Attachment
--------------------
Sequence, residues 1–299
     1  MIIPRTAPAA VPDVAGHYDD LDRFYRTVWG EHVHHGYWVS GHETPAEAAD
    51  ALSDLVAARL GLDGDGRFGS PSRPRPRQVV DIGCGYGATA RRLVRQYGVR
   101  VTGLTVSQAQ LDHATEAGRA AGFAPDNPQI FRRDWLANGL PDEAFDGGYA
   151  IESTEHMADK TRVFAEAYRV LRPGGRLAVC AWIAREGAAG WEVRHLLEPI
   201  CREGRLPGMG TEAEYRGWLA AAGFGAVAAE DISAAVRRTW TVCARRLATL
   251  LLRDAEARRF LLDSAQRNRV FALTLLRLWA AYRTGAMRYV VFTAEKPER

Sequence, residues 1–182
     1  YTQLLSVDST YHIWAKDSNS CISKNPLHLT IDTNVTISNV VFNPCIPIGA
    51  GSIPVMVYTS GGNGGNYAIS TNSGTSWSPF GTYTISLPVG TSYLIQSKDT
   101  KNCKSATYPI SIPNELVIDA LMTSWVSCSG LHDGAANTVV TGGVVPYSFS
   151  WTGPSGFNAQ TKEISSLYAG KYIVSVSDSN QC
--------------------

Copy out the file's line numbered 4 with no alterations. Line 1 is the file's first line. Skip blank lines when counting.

   101  VTGLTVSQAQ LDHATEAGRA AGFAPDNPQI FRRDWLANGL PDEAFDGGYA